Since before the scheme started up, St Columba’s has had a team of volunteer gardeners. They keep the hospice grounds looking beautiful. In 2022, the hospice asked if any of these volunteers would like to take part in the pilot for the Compassionate Gardeners scheme. This resulted in David Waughman from the team becoming the hospice’s first ever Compassionate Gardener. Since then, he has played an integral role in the programme. 


There were initial concerns around lone working, use of garden tools. supervision and support for volunteers. In response, the Compassionate Gardeners team has implemented robust safety measures. They have invested significant time in writing risk assessments and planning. They arrange regular team meetings, one-to-ones and frequent garden visits.

The team initially underestimated the amount of training needed by their Compassionate Gardeners. At first, the only training the group received was practical, such as safe use of tools and equipment. But, as the volunteers developed bonds with garden owners, it became clear that additional training may be helpful. Topics of this training include boundaries, self-care and talking about death and dying.

An unexpected challenge was Compassionate Gardeners falling in love with a garden. In one case, a gardener wanted to keep going, even after the garden owner had died. Setting realistic expectations of the work  from the start is key. As is establishing clear boundaries. Revisiting this over the season helps greatly too.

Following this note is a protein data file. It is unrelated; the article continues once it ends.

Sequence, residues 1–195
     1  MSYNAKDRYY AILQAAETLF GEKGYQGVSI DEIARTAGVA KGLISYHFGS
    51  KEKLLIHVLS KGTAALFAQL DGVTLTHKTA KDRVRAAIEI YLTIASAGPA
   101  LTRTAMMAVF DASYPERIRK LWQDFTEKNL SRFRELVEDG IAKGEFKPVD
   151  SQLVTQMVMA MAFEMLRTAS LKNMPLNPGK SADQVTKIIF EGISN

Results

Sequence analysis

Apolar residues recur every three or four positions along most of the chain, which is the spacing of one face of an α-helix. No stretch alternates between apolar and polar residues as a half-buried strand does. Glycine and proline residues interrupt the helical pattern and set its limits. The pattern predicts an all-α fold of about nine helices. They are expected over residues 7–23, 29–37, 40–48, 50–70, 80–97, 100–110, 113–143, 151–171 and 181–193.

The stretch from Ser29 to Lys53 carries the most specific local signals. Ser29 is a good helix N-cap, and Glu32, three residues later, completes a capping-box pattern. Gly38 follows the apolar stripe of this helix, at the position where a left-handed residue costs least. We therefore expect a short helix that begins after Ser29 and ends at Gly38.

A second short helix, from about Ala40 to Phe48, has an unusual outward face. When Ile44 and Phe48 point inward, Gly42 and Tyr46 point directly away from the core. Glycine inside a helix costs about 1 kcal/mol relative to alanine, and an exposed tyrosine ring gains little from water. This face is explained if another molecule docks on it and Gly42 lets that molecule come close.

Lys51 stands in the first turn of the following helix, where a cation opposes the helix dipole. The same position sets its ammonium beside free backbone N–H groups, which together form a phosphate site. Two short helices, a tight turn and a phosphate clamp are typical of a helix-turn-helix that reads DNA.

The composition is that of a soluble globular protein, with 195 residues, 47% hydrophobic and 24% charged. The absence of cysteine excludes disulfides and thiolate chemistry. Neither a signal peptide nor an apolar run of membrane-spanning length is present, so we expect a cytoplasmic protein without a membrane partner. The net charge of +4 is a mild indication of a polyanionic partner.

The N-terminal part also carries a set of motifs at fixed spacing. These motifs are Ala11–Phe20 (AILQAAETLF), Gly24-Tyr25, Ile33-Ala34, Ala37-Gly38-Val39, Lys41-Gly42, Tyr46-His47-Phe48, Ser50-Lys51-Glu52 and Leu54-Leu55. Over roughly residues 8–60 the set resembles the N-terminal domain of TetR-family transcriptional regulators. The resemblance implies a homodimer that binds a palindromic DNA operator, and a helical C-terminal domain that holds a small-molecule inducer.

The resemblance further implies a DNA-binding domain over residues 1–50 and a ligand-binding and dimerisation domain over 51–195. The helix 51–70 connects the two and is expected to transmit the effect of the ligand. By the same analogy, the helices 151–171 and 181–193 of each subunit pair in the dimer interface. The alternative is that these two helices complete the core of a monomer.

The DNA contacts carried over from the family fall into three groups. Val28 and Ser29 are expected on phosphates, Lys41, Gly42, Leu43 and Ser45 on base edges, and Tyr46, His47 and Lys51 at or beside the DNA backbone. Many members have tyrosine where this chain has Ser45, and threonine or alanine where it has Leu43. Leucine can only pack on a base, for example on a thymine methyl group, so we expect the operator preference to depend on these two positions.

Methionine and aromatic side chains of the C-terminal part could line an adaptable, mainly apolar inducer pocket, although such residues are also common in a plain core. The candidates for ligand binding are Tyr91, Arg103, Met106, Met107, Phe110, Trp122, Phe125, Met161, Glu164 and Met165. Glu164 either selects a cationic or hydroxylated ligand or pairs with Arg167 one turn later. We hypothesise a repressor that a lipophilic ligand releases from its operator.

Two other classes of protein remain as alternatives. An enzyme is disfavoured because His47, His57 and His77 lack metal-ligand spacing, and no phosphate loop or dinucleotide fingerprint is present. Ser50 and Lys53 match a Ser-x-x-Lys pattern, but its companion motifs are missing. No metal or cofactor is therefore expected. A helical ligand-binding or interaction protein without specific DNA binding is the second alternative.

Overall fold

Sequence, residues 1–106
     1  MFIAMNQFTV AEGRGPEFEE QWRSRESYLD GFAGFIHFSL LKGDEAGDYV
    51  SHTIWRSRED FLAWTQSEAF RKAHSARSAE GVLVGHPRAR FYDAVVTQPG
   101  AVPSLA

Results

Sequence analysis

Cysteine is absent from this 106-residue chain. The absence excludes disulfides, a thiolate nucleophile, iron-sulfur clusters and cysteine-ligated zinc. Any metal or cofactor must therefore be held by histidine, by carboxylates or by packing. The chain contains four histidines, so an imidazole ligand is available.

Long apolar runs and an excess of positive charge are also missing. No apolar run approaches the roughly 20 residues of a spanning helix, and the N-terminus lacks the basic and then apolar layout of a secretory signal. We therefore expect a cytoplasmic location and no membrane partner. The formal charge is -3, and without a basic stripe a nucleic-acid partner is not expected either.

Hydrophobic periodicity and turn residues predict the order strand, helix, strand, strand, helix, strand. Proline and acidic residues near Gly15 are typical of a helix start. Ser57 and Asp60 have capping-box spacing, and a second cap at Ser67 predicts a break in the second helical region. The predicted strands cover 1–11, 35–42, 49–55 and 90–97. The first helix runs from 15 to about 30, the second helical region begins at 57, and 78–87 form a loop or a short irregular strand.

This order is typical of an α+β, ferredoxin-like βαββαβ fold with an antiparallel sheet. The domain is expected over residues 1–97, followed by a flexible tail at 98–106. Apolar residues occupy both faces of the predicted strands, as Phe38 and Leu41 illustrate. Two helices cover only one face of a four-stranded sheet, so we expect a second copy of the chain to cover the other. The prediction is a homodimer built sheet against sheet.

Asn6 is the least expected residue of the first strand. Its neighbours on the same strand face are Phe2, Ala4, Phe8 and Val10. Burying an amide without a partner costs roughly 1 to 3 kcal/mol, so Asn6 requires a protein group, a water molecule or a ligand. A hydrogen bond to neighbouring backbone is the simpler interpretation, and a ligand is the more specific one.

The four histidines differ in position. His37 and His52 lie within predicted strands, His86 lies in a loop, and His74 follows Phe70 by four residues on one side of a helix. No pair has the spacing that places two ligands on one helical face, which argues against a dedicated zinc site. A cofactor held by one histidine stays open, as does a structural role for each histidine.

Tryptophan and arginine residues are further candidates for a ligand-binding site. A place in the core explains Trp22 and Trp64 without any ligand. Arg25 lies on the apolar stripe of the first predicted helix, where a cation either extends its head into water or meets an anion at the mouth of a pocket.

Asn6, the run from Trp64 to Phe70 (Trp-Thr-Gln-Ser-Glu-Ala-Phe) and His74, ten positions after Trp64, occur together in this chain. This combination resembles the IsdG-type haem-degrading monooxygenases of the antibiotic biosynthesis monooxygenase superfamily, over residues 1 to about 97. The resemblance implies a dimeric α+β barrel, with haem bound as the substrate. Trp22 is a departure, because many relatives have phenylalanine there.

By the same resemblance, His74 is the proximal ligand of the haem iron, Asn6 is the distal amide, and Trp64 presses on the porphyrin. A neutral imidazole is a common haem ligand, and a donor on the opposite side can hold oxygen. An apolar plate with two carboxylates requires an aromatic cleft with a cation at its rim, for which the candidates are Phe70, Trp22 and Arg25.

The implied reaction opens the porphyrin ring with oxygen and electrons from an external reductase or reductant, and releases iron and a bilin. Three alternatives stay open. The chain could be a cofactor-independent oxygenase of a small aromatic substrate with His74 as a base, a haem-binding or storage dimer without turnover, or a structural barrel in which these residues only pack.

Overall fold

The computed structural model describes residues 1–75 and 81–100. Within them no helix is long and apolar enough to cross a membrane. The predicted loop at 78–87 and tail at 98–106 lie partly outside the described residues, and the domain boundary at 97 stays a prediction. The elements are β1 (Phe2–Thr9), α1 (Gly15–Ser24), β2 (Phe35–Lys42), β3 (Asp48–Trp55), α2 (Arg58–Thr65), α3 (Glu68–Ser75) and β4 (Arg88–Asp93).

Keeping to the garden plan is also important so that volunteers don’t stray into doing more than is asked of them. Regular one-to-ones and garden visits from the Compassionate Neighbours team help maintain boundaries. This helps volunteers enjoy their garden work and not become overburdened. 

Tips and advice


Be brave. Start small and seek advice.

Collaborate. The key to success is working together with the garden owner, having conversations and sharing the joy.

Stand on the shoulders of giants. Reach out to hospices who have carried out similar community work. People are often willing to share their learning so you can take it forward for your own project.

Think outside the box. While it is very helpful to look at what has worked for other organisations, don't feel beholden to existing ideas. St Columba's Hospice Care would never have come up with Compassionate Gardeners if they hadn't thought creatively!

Ask the experts – they are often delighted to help. Speak to gardening organisations to get a feel for what is needed for a voluntary gardening operation. 

Future development


Starting from Spring 2024, the Compassionate Gardeners team plans to assemble a small gardening ‘task force’. This group will visit particularly unruly gardens and ‘break the back’ of them in one hit. Tackling challenging gardens takes a great deal more time. The team is hoping that this 'task force' will streamline things. 

The Compassionate Gardeners volunteers all work remotely. They suggested that a series of in-person events could help them connect. As a result, the hospice team hopes to start hosting quarterly in-person ‘garden interest’ events for the group soon. Each will focus on a different gardening-related topic. This will build team camaraderie, improve volunteers' experience and encourage them to share their stories. 

The team hopes to engage with a national gardening centre chain to investigate potential partnership working.